Duer’s attempts to corner the market in the bonds issued by the new federal government and in the stock of the country’s first National Bank represented one of the earliest instances of insider trading. They also proved a lurid example of how speculation could go disastrously wrong. When the scheme collapsed, it caused the country’s first Wall Street panic and a local depression that spread through New England, ruining “shopkeepers, widows, orphans, butchers... gardeners, market women, and even the noted Bawd Mrs. McCarty.”
A mob chased Duer through the streets of New York and might have hanged or disemboweled him had he not been rescued by the city sheriff, who sent him to the safety of debtor’s prison. John Pintard, part of the same scheme, fled to Newark, New Jersey, before being caught and jailed as well.
Sending the Duers and Pintards of the new republic off to debtors’ prison was not, however, quite what Hamilton had in mind. And leaving them rotting there was hardly going to foster the “enterprising spirit” that would, in the treasury secretary’s estimation, turn the country into the Great Britain of the next century. Bankruptcy, on the other hand, ensured that the overextended could start again and keep the machinery of commercial transactions lubricated. Hence, the Bankruptcy Act of 1800.
If, however, you were not a major player, debt functioned differently. Shouldered by the hoi polloi, it functioned as a mechanism for funneling wealth into the mercantile-financial hothouses where American capitalism was being incubated.
No wonder debt excited such violent political emotions. Even before the Constitution was adopted, farmers in western Massachusetts, indebted to Boston bankers and merchants and in danger of losing their ancestral homes in the economic hard times of the 1780s, rose in armed rebellion. In those years, the number of lawsuits for unpaid debt doubled and tripled, farms were seized, and their owners sent off to jail. Incensed, farmers led by a former revolutionary soldier, Daniel Shays, closed local courts by force and liberated debtors from prisons. Similar but smaller uprisings erupted in Maine, Connecticut, New York, and Pennsylvania, while in New Hampshire and Vermont irate farmers surrounded government offices.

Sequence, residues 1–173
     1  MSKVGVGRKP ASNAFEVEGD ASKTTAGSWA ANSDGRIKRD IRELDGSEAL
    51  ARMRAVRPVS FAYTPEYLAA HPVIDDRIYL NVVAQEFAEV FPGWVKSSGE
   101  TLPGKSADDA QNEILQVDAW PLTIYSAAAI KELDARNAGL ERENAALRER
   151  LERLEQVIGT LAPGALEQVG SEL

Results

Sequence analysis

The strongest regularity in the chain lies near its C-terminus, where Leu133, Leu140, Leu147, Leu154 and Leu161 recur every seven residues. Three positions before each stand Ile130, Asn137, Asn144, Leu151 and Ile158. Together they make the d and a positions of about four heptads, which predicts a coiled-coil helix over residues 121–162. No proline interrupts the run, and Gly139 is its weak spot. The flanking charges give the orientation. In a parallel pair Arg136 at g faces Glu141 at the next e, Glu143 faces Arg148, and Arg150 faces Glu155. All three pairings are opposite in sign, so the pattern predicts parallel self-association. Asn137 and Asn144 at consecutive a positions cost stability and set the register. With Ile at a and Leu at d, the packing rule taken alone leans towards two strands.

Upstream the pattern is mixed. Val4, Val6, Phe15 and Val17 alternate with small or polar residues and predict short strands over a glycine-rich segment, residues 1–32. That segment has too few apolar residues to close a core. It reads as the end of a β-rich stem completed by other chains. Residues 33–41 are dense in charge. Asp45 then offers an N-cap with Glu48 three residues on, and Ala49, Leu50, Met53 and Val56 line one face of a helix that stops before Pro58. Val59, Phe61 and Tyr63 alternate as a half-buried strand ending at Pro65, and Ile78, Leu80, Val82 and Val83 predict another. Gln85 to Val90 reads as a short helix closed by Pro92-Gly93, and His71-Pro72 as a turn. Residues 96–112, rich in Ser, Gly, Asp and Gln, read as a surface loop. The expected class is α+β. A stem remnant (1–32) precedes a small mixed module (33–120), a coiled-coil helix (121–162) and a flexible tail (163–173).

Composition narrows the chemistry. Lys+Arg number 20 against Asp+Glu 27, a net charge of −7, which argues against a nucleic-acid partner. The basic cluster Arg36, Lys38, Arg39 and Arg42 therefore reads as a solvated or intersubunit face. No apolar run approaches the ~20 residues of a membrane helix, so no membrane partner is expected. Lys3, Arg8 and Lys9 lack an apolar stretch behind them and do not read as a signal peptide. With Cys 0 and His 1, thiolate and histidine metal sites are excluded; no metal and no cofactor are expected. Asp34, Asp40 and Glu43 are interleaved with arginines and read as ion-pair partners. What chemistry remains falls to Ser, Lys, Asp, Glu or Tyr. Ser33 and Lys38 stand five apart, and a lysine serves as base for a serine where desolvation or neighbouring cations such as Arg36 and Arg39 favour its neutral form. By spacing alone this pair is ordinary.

Shays' Rebellion of 1786 alarmed the country’s elites. They depicted the unruly yeomen as “brutes” and their houses as “sties.” They were frightened as well by state governments like Rhode Island’s that were more open to popular influence, declared debt moratoria, and issued paper currencies to help farmers and others pay off their debts. These developments signaled the need for a stronger central government fully capable of suppressing future debtor insurgencies. Federal authority established at the Constitutional Convention allowed for that, but the unrest continued. Shays' Rebellion was but part one of a trilogy of uprisings that continued into the 1790s. The Whiskey Rebellion of 1794 was the most serious. An excise tax (“whiskey tax”) meant to generate revenue to back up the national debt threatened the livelihoods of farmers in western Pennsylvania who used whiskey as a “currency” in a barter economy. President Washington sent in troops, many of them Revolutionary War veterans, with Hamilton at their head to put down the rebels.